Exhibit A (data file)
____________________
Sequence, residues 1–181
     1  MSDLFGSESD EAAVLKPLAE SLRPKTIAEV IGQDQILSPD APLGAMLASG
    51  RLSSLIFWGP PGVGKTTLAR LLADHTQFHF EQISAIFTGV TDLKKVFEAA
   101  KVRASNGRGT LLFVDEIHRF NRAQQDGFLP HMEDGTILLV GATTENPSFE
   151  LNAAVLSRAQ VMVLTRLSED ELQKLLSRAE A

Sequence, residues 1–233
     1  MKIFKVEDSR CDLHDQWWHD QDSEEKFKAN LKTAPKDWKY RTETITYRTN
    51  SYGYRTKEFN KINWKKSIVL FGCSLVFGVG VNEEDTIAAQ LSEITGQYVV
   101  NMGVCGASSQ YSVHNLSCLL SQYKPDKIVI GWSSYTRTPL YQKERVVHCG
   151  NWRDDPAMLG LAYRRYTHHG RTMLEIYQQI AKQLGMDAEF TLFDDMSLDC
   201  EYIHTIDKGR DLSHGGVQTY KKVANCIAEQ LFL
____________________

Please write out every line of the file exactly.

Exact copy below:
Sequence, residues 1–181
     1  MSDLFGSESD EAAVLKPLAE SLRPKTIAEV IGQDQILSPD APLGAMLASG
    51  RLSSLIFWGP PGVGKTTLAR LLADHTQFHF EQISAIFTGV TDLKKVFEAA
   101  KVRASNGRGT LLFVDEIHRF NRAQQDGFLP HMEDGTILLV GATTENPSFE
   151  LNAAVLSRAQ VMVLTRLSED ELQKLLSRAE A

Sequence, residues 1–233
     1  MKIFKVEDSR CDLHDQWWHD QDSEEKFKAN LKTAPKDWKY RTETITYRTN
    51  SYGYRTKEFN KINWKKSIVL FGCSLVFGVG VNEEDTIAAQ LSEITGQYVV
   101  NMGVCGASSQ YSVHNLSCLL SQYKPDKIVI GWSSYTRTPL YQKERVVHCG
   151  NWRDDPAMLG LAYRRYTHHG RTMLEIYQQI AKQLGMDAEF TLFDDMSLDC
   201  EYIHTIDKGR DLSHGGVQTY KKVANCIAEQ LFL